“Bree, Bree, he’s back! Come here, quick!”, were the words that I woke up to on Tuesday morning of this past week. Not exactly sure what my roommate and best friend, Joanna, was talking about, I shot out of bed, (I usually wake up around 6:30 and lay around until 7) and ran after her into the completely bare kitchen.
Another reminder of how hard the past months have been on us.
My feet felt the deep gouges in the antique wood floors as I made my way over to the newly replaced kitchen window glass and looked out it. There, amongst the debris of what used to be our kitchen furnishings on the back deck, was the cat tree that was too big to fit in the 790 sq. ft. Pasadena bungalow.
Immediately I noticed something out of place.
Two gigantic, gorgeous yellow eyes stared up at me from the middle level of the cat tree. A small brown and white tabby cat, with obvious scars along the bridge of its nose, stared back at me.
Instantly, I recognized him as the cat that we had intermittently been seeing hanging around the outside of our house. His yellow eyes were round, like a sad owl, and I could tell that he wanted me to go out there to him. He wanted the human interaction.
I hurried out the back door, with my own cats trailing curiously feet and stopping at the threshold, to the cat where he was curled up in the tree. Immediately I could hear the purring as I approached.
I sat there petting the little tabby for a while, with his head butting against my hand and happy meows being emitted.
Besides the obvious scars on his face and body, he also had patches of pink skin peeking through where chunks of fur had gone missing. I could feel his little ribcage move so closely under the skin, and could tell that he was severely lacking proper care. We instantly brought food and water out to him and watched him hungrily gobble it up.
That moment was so important for me, personally.
As I stood there amongst the mix of my broken kitchen belongings, with this small cat weaving in and out of my legs, thanking me for feeding him probably his first real meal in days, something stuck. Something resonated. Something in me shifted.
A lot of times, Depression and Anxiety cause tough times become even tougher in your mind. They cause you to feel that you have an impossible mountain in front of you, one that you know you won’t tackle easily, if ever. Depression and Anxiety cause any little situation to blow up instantly and leave you to deal with what’s left, making it nearly impossible not to cut yourself on the shards that remain.
The past months have felt that way. Small things expanded and compounded on top of each other, causing me to retreat farther and farther into myself.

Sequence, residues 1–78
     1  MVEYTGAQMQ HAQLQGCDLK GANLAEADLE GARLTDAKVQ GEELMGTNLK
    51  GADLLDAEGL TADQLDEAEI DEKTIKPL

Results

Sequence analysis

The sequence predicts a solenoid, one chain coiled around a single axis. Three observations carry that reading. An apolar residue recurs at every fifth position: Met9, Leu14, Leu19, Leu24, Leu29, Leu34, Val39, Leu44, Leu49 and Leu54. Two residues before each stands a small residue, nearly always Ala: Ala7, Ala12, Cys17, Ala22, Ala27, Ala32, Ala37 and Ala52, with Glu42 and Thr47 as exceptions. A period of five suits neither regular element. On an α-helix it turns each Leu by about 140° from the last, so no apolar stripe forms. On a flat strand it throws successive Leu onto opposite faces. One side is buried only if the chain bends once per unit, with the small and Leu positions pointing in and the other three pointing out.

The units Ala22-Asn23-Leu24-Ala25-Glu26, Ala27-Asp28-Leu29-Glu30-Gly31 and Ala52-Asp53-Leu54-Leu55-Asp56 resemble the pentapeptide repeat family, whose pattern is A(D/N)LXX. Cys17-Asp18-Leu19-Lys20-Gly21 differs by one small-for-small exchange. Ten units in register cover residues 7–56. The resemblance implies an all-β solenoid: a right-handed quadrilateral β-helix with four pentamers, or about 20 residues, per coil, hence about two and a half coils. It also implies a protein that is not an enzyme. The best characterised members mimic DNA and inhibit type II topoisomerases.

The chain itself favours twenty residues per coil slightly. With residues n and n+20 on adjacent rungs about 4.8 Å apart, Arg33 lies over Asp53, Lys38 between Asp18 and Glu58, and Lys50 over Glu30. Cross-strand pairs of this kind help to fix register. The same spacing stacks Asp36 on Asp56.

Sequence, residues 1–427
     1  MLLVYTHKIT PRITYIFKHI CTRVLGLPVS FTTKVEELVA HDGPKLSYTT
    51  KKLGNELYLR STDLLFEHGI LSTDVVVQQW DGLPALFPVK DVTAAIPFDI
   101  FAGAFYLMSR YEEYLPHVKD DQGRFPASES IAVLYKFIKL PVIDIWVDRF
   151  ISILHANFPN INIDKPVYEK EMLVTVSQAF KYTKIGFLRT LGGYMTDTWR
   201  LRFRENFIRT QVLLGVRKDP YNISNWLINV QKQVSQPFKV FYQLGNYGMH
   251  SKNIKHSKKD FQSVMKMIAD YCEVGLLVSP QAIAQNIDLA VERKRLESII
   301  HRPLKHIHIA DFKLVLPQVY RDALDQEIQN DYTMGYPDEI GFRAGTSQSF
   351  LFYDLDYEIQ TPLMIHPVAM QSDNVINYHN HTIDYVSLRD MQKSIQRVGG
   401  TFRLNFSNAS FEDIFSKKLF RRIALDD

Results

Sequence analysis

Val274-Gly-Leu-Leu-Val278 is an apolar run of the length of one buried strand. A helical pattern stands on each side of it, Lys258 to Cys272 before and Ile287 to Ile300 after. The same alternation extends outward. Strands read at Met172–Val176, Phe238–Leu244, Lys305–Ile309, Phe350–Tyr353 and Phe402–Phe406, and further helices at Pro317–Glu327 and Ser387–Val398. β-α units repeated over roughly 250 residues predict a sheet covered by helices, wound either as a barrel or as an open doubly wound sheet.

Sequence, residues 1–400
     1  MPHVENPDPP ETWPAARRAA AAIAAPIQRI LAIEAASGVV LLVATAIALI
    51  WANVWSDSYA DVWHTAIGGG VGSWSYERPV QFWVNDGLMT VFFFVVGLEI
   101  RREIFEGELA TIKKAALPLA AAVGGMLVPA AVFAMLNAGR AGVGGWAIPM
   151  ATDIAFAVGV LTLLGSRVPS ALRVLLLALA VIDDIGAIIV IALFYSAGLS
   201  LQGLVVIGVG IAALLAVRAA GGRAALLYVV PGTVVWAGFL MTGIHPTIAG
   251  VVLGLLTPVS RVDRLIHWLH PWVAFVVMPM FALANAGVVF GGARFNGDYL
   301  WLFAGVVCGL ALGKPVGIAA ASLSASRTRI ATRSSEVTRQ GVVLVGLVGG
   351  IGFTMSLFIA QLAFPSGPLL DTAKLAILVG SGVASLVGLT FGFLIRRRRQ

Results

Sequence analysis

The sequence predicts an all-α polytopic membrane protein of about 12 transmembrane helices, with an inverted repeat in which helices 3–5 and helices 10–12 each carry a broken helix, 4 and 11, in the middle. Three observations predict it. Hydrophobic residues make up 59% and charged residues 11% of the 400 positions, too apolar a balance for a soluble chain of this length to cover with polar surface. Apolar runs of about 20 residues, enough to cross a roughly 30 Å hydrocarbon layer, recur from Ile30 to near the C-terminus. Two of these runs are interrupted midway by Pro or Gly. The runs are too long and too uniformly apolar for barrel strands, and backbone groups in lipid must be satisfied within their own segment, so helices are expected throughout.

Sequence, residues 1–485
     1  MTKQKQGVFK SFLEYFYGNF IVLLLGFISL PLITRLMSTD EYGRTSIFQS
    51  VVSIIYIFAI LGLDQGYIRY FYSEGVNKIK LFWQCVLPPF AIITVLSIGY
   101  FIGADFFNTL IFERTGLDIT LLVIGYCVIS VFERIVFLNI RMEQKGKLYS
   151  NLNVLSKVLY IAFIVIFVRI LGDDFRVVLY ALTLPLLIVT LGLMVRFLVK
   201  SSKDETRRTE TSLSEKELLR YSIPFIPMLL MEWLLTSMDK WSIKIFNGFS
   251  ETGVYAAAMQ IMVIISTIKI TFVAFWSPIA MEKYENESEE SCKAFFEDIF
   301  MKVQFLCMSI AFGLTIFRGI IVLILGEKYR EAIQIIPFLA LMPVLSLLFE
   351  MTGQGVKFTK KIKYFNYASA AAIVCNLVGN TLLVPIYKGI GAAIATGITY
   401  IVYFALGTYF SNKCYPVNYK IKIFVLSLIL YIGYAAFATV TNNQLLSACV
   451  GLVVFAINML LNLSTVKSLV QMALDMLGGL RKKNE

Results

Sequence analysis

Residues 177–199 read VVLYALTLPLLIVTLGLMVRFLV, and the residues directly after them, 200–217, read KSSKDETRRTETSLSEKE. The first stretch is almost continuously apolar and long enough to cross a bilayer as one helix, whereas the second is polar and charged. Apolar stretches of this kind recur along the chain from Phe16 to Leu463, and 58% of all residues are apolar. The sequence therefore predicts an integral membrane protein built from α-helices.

The cherry on top, though, happened a couple of weekends ago when our house was broken into and vandalized.
We were lucky, some would say, because nothing was stolen and our two cats remained unharmed. But the damage left in the wake of the break in was a lot more than broken furniture. Joanna and I are shaken. To the core. And likely to stay that way for a while.
This development, among other distressing situations, had been successful in creating the perfect storm within my mind. Depression, Anxiety, guilt, hopelessness, exhaustion had become the unmovable boulders residing in my brain, impervious to any moment of happiness. My sensitivity to smells, touches, small ticks that no one else notice have been magnified and caused quiet panic. One comment acted as a bowling ball straight to the foundation of my teetering self perception.
I am weak. Weaker than I let on.
Seeing the little tabby cat on my back porch, so thankful for a small act of kindness shown to him, made me realize a lot. It is easy to get wrapped up in our own personal tribulations, our own personal hell. Sometimes, Depression causes a tornado of negative feelings to swirl dangerously in your mind, preventing you from seeing anything else.
And sometimes, all it takes is something small to jolt you from that incessant nightmare.
Frisco, is what we’ve been calling him. So pure and innocent and hopeful. Just the perfect amount of sunshine needed for this dark time. A reminder that sometimes, your problems aren't the biggest ones out there. That sometimes, the smallest amount of hidden happiness can entirely shift your perception.
I still struggle, on a daily basis, but my problems are now filtered through an additional lens of perception. There are other, bigger things going on out there, and sometimes taking yourself out of your own mind and helping can, in turn, help you.
Let your compassion, your kindness, your heart, shine through to others as much as you can. Allow yourself to remain soft and gentle in a world full of hate and conflict. Remember to help and guide others to the light however you can.
It may end up lifting you even more than you realize.
As always, Keep Your Heads Up, My Loves.